Change your vocabulary to win bigger deals
Vocabulary and analogies are important when explaining your product or service to a potential buyer.
CRM Market Analyst, Lauren Carlson argues here that marketing automation firms, Marketo and Eloqua have adopted the term Revenue Performance Management (RPM) primarily in order to “get above the noise of a crowded marketing automation market” and to “gain the attention of C-level executives.”
Responses to the blog in the comments section vary in tone from evangelical (“RPM really is about transformation; it’s a business strategy that requires an alignment of resources, processes and technology” – from Eloqua’s Director of Product Marketing) to sceptical (“RPM is just a hollow term that was invented by two vendors in an attempt to make their value propositions seem more ‘strategic’ in nature”).
But there is no shame at all in couching your proposition in vocabulary that makes sense to your buyer. If your product or service is for everyday consumers then avoid technical language. For instance, as Venture Hacks’ Naval Ravikant recounts in this excellent video on preparing for fund-raising, the proposition for Gmail was to create “a web-mail system that didn’t suck.”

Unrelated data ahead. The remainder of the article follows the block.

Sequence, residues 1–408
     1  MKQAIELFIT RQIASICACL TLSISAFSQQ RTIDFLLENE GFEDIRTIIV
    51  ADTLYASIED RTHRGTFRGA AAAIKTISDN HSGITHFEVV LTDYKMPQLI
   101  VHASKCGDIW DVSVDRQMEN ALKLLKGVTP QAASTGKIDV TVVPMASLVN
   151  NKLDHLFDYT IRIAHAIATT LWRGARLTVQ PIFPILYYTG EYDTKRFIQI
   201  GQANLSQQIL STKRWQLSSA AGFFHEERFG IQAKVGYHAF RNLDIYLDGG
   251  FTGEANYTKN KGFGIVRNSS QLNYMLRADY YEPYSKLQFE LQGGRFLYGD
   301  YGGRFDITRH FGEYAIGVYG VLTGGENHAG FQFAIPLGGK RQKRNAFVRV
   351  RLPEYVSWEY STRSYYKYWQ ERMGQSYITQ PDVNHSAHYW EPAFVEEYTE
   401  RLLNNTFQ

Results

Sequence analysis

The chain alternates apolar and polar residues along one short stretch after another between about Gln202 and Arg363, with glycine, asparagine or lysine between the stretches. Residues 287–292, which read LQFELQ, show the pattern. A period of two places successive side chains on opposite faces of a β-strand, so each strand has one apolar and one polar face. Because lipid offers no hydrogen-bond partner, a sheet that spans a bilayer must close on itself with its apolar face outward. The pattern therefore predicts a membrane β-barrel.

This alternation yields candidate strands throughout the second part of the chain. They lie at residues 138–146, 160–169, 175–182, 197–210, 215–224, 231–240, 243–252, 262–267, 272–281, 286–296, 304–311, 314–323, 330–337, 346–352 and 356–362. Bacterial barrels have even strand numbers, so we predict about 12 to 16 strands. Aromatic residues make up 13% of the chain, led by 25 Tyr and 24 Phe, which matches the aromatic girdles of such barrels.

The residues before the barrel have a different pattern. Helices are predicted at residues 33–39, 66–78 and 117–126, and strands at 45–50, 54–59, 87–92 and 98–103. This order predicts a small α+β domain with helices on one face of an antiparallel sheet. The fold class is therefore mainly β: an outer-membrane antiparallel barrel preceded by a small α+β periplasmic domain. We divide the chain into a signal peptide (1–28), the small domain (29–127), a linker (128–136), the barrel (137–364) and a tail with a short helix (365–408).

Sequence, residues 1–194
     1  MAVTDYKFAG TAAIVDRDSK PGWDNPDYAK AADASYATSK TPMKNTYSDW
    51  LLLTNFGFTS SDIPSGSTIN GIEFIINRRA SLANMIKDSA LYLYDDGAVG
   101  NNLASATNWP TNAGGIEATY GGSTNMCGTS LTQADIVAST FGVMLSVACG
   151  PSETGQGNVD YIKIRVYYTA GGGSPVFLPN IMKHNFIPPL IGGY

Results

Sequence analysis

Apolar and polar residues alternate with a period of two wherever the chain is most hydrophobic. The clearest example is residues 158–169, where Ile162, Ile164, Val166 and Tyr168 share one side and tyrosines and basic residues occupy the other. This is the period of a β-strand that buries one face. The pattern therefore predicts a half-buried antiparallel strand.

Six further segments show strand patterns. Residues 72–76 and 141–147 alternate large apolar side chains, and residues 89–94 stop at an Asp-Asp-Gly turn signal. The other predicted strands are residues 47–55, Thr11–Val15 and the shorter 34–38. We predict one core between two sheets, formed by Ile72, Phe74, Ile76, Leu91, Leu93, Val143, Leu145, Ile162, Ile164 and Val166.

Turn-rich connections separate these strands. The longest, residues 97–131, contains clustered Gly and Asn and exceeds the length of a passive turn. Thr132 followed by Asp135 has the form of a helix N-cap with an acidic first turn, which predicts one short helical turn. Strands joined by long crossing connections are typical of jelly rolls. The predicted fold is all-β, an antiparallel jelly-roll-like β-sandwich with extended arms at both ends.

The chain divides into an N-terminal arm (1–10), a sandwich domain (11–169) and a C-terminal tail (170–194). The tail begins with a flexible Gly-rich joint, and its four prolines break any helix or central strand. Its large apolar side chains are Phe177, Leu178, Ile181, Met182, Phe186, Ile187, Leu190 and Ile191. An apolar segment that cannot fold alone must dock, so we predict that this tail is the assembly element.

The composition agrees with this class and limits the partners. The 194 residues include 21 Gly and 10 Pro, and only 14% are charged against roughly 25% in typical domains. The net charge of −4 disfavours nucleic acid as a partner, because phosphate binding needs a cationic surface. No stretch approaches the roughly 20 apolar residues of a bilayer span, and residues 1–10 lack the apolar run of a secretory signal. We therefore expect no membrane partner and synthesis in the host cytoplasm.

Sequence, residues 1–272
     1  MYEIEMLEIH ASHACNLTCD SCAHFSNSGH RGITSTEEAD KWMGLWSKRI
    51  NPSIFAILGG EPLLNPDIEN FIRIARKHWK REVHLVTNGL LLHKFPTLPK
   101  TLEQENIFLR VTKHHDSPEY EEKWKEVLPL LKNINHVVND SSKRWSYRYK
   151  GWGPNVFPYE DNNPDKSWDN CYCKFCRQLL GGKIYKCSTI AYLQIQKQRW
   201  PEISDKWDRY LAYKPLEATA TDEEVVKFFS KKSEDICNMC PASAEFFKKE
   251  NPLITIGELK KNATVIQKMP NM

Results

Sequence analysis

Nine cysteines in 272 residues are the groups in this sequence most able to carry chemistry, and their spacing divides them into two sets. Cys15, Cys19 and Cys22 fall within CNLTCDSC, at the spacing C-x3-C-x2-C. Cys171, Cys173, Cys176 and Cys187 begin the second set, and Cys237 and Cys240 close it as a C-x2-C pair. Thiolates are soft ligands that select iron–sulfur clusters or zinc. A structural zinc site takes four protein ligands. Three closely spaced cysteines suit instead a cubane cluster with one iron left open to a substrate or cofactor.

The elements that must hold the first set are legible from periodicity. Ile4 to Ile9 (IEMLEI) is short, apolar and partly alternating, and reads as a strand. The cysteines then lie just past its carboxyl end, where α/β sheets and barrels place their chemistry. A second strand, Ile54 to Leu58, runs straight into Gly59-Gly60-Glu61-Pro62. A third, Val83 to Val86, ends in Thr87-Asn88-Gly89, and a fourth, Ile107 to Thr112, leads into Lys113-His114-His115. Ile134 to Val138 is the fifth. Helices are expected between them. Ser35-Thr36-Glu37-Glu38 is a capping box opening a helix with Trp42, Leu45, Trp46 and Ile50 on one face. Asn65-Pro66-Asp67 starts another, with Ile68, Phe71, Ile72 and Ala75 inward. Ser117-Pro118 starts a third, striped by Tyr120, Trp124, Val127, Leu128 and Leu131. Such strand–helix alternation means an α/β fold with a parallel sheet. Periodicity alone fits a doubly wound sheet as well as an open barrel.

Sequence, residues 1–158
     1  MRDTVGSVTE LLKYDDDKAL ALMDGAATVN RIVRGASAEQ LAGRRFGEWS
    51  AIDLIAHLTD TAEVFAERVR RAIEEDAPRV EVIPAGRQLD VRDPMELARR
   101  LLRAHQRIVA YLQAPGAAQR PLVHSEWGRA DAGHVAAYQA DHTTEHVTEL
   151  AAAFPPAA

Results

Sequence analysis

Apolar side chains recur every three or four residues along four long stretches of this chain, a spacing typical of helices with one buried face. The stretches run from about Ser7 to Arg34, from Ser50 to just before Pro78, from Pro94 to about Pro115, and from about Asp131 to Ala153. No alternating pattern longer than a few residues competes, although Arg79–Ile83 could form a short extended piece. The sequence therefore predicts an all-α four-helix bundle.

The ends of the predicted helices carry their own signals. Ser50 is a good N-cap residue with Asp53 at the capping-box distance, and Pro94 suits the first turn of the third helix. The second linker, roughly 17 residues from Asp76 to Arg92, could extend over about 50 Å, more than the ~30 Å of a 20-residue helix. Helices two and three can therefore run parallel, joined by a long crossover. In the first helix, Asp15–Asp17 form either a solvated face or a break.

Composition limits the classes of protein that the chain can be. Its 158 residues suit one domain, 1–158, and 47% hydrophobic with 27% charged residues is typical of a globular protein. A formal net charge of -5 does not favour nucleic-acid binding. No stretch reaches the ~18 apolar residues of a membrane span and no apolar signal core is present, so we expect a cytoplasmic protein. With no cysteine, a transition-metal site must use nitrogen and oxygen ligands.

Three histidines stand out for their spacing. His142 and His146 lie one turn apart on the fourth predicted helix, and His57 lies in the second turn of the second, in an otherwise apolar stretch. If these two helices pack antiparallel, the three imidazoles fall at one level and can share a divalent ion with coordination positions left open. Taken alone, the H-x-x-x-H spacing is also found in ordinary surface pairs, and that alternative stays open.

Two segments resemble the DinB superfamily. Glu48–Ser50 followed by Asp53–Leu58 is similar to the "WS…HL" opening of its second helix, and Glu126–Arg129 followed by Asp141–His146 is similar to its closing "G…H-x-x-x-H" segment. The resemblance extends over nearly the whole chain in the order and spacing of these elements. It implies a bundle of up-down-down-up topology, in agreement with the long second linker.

Similarly, if your buyer is a C-level executive then you should explain how it is relevant to her in terms such as risk and competitive advantage. If your product or service does not have any impact on these sorts of issues then you should avoid setting pricing levels that require an executive-level conversation.
If Revenue Performance Management means anything beyond the familiar ideas around marketing automation and Customer Relationship Management then I suggest that it should be a methodology for an executive-level Chief Revenue Officer, whose responsibility is to optimise the revenue generated through a mix of direct or inside sales and channel partners or licensees.
This role requires an understanding of the science of revenue generation, which involves many moving parts (marketing, sales, partner management, PR, etc.). The analysis and reporting of these moving parts are complex matters and I can envisage a valuable role for automation here.